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Whether it's recruiting people to
sell so-called Internet-access devices, placing kiosks with
in public places, or dealing in other Internet-related activities, consumers
are being lured to the vast commercial potential of the Web by business
However, the Federal Trade Commission (FTC) says that many of
opportunities are scams that promise more than they can
The scam artists lure would-be entrepreneurs with false
promises of big earnings for little
effort. They pitch their fraudulent
offerings on the Web; in e-mail solicitations; through
classified ads and newspaper and magazine "advertorials"; and in flyers,
telemarketing pitches, seminars, and direct-mail solicitations.
are a few examples of Internet-related business opportunities that didn't live
Example 1: Providing TV access to the
The Pitch: The promoter promises that you can earn thousands of
dollars a month by
recruiting people to sell devices that provide
television access to the Internet.
The Problem: The program claims to pay
participants based on how many people they
recruit into the program,
not on their product sales. That makes the program a pyramid
not a legitimate multi-level marketing plan. Pyramid schemes are illegal.
Mathematically, nearly everyone who participates in them loses their money.
are no new recruits, the pyramid collapses.
2: Selling walk-up Internet access
The Pitch: The promoter claims you can
earn big money by selling machines or kiosks
that provide walk-up
Internet access - for a fee - in places like airports, hotels and
shopping malls. The machines cost thousands of dollars, but the promoter
says the cost
can be recovered because the machines generate "amazing"
earnings. And, the company
promises to help find profitable locations
for the machines.
The Problem: Rather than the high-traffic locations
that the promoter promises, the buyer's
machines get placed where demand for
Internet access is low. As a result, a would-be
entrepreneur can't possibly
make the promised earnings.
Example 3: Giving seminars on making money on
The Pitch: The promoter advertises that you can earn more
than $150,000 as an "Internet
consultant" who sponsors free seminars to teach
other consumers how to make money
on the Internet.
The seminars really feature high-pressure sales pitches for the
Internet yellow pages or Internet advertising. And, even though
the promoter promises to
provide Internet and sales training to buyers - for
a fee of several thousand dollars - the
buyers never get the promised
training. In the end, they never earn the promised amounts.
offers this advice to consumers considering an Internet-related business
opportunity: Consider the promotion carefully. If it claims buyers can earn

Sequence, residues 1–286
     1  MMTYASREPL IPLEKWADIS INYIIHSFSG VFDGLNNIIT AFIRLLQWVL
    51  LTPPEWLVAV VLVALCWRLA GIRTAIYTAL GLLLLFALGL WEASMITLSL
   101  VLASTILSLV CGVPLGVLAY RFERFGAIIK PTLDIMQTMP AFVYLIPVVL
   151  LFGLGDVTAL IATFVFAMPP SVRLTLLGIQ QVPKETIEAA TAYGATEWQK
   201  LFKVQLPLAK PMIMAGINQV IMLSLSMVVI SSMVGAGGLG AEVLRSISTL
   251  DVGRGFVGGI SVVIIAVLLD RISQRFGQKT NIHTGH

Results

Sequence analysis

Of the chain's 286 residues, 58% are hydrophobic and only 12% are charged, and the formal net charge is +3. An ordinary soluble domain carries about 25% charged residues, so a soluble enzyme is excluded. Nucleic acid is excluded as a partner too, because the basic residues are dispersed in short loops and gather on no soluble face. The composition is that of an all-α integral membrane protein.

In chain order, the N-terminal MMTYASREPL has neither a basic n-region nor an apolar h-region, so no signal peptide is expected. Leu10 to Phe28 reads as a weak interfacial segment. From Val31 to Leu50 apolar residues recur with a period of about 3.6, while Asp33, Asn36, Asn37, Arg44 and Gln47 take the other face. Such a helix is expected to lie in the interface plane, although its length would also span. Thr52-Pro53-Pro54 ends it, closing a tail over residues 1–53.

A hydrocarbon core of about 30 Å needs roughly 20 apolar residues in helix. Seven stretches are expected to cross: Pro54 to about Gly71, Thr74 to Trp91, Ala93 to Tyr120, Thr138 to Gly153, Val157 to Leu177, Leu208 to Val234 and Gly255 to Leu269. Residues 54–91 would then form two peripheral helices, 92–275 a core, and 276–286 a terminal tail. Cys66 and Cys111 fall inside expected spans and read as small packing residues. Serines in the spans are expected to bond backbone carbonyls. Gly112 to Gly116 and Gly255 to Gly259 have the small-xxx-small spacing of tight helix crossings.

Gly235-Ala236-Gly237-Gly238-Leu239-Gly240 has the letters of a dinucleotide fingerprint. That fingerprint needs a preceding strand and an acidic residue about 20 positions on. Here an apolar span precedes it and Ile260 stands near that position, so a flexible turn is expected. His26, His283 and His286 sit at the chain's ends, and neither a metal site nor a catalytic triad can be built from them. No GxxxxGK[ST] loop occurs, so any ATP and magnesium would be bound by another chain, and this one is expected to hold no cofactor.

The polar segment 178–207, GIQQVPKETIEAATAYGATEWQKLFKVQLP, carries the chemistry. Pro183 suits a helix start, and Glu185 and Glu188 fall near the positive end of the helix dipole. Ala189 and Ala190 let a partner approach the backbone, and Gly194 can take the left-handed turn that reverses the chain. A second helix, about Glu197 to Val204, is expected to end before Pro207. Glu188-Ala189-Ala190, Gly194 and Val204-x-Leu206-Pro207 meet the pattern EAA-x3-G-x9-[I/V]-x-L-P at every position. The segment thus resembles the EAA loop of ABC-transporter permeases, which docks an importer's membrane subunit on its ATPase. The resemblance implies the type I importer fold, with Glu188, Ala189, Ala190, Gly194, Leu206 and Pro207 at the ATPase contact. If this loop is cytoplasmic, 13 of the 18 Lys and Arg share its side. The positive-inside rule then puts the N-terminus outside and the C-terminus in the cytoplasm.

income, then it also must give the number and percentage of
previous purchasers who
achieved the earnings. If an earnings claim is
there - but the additional information isn't -
the business opportunity
seller is probably violating the law.
Get earnings claims in writing. If
the business opportunity costs $500 or more, then the
promoter must back up
the earnings claim in a written document. It should include the
earnings claim, as well as the number and percentage of recent clients who
at least as much as the promoter suggested. If it's a
work-at-home or other business
opportunity that involves an investment
of under $500, ask the promoter to put the
earnings information in
Study the business opportunity's franchise disclosure document.
Under the FTC
Franchise Rule, many business opportunity promoters are
required to provide this
document to potential purchasers. It includes
information about the company, including
whether it has faced any
lawsuits from purchasers or lawsuits alleging fraud. Look for a
statement about previous purchasers. If the document says there have been
purchases but the seller offers you a list of references,
be careful: the references probably
previous purchaser in person, preferably where their business operates.
The FTC requires most business opportunity promoters to give potential
names, addresses and phone numbers of at least 10
previous purchasers who live the
closest to the potential purchaser.
Interviewing them helps reduce the risk of being
misled by phony
Contact the attorney general's office, state or county
consumer protection agency and
Better Business Bureau both where the
business opportunity promoter is based and
where you live to find out
whether there is any record of unresolved complaints. While a
record may indicate questionable business practices, a lack of complaints
doesn't necessarily mean that the promoter and the business opportunity
problems. Unscrupulous dealers often change names and
locations to hide a history of
If the business
opportunity involves selling products from well-known companies, call the
legal department of the company whose merchandise would be promoted. Find
whether the business opportunity and its promoter are affiliated
with the company. Ask
whether the company has ever threatened trademark
action against the business
attorney, accountant or other business advisor before you put any money
down or sign any papers. Entering into a business opportunity can be
costly, so it's best
to have an expert check out the contract first. If
the promoter requires a deposit, ask your
attorney to establish an
escrow account where the deposit can be maintained by a third
until you make the deal.
Take your time. Promoters of fraudulent business
opportunities are likely to use
high-pressure sales tactics to get you
to buy in. If the business opportunity is legitimate,
it'll still be
around when you're ready to